IMV Inc., the Dartmouth company developing a delivery platform for immunotherapy drugs, is entering a critical phase of its 16-year history as it will soon learn the results of key Phase 2 clinical trials.
The company is conducting a range of Phase 2 trials for its flagship drug candidate DPX-Survivac, including tests in partnership with the multi-national pharma company Merck & Co. The results of these Phase 2 trials -- which establish efficacy, or whether a drug does what its maker says it does – should be known by the end of this year.
If the results are positive, the company will have some key decisions to make in the next year. Should it bring Survivac to market with a partner or on its own? Could it sell Survivac and focus on the development of other drug candidates? Could the whole company be sold? Whatever the outcome, IMV is approaching the juncture that attracted investors when the company launched in 2003.
“Most of the clinical results will be in by the end of the year,” said CEO Frederic Ors in an interview last week. “So in the second half of this year or the first half of 2020, we have really got to think what is the best way forward for the company.”
Developed from a Dalhousie University experiment to deliver birth control to seals on Sable Island, DPX-Survivac uses the body’s immune system to battle diseases by delivering doses of medication over a prolonged period. Survivac locates Survivin, a substance found in the outer layer of cancer tumors, then attacks the tumors repeatedly.
The most important trials are those into the drugs' impact on ovarian cancer, an especially lethal affliction, and Ors said the company hopes the drug will be effective in prolonging the lives of people suffering with hard-to-treat forms of cancer.
“It’s one thing to be able to stop cancer but what’s important is how long you are able to maintain that,” said Ors. “In ovarian cancer, we have one patient who has been treated with DPX-Survivac for three years now.”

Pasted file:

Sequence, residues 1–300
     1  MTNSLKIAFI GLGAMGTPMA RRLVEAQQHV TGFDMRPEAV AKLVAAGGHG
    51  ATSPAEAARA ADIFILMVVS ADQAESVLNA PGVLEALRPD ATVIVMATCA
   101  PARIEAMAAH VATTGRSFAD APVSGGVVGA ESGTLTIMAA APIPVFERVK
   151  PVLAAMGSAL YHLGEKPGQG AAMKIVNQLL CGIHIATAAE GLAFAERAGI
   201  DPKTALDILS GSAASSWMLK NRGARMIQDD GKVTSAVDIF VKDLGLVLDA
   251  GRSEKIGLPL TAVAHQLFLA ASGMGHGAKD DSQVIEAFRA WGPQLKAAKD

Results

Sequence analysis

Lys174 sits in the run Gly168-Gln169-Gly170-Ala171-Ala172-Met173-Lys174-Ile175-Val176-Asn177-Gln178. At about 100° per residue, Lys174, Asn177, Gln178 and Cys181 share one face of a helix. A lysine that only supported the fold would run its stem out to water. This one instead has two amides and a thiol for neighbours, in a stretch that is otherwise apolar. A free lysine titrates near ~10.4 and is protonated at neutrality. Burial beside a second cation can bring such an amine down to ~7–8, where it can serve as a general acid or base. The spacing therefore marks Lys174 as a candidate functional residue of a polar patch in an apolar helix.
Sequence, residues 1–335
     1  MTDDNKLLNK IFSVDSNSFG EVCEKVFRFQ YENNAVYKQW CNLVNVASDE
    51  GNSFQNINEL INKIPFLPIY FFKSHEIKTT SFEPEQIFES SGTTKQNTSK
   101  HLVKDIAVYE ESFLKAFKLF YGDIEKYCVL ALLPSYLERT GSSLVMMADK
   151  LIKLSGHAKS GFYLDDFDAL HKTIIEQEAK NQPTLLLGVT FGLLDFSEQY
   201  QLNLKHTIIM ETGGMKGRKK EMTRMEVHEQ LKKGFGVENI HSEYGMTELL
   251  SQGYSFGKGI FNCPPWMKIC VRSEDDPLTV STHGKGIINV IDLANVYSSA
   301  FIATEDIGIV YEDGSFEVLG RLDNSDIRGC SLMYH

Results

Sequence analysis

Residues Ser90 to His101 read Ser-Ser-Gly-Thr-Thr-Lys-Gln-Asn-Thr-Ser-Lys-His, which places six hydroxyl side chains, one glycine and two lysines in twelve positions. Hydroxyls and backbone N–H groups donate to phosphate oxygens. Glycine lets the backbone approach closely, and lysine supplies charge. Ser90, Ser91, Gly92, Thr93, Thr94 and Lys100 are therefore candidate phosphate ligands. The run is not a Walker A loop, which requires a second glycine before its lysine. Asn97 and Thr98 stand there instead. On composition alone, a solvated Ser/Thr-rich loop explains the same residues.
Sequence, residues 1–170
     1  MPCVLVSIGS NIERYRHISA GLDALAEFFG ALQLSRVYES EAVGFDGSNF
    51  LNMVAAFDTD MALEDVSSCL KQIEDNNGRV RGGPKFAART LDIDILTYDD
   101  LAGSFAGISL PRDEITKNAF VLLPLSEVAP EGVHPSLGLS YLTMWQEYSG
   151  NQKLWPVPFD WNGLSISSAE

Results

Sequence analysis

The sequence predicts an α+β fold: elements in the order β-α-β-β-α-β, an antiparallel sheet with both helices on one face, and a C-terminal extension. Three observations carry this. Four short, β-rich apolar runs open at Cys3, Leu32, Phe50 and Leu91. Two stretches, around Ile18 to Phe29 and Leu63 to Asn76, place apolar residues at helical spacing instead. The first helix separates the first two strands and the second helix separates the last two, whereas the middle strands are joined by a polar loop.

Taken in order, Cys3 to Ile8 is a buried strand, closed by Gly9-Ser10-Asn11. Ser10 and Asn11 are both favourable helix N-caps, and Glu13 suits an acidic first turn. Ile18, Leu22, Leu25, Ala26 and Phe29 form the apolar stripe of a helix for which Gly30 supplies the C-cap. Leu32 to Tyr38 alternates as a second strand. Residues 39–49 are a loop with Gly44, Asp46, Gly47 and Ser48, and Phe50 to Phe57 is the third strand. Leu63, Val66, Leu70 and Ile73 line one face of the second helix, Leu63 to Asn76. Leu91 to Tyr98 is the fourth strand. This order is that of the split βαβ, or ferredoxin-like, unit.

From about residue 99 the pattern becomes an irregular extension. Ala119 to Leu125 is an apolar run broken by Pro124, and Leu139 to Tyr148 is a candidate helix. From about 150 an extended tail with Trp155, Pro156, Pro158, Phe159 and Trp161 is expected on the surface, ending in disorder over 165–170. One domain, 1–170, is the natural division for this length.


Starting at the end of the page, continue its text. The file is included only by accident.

In its most recent financial statements, IMV said Survivac has displayed “durable clinical benefit” and “positive new data” during clinical trials, which are taking place in six locations. But nothing is certain until it announces the trial results.
In terms of what decisions the company could reach once the results are known, Ors noted that IMV shares are listed not only in Toronto but also on the Nasdaq exchange in New York. That positions the company in theory to raise enough capital to bring the drug to market on its own.
A dark cloud hovering over the IMV story is the experience of American immunotherapy company Incyte Corp., which had partnered with Merck for trials of its drug Epacadostat. In April 2018, Incyte announced trials showed Epacadostat did not help melanoma patients, hammering the stock of all immunotherapy companies, including IMV.
IMV shares closed Thursday down 2.7 percent at $3.97, meaning they have 44 percent of their value in the past year.
Yet IMV has been able to raise capital. In March, it raised $29.5 million by selling shares to investors, and Ors said IMV now has enough capital to last through 2020.
Though its shares have been on a rollercoaster ride the past three years, IMV as an organization has continued to grow, and now employs 64 people. One highlight of this is that three-quarters of its staff are female, and women make up half of its management team. Ors said he feels good about the company as he awaits the clinical trial results.
“It’s a good thing to be here,” he said. “A lot of companies actually never get the chance to be in this stage of development. We feel very strong about our pipeline and that it has a high chance to succeed.”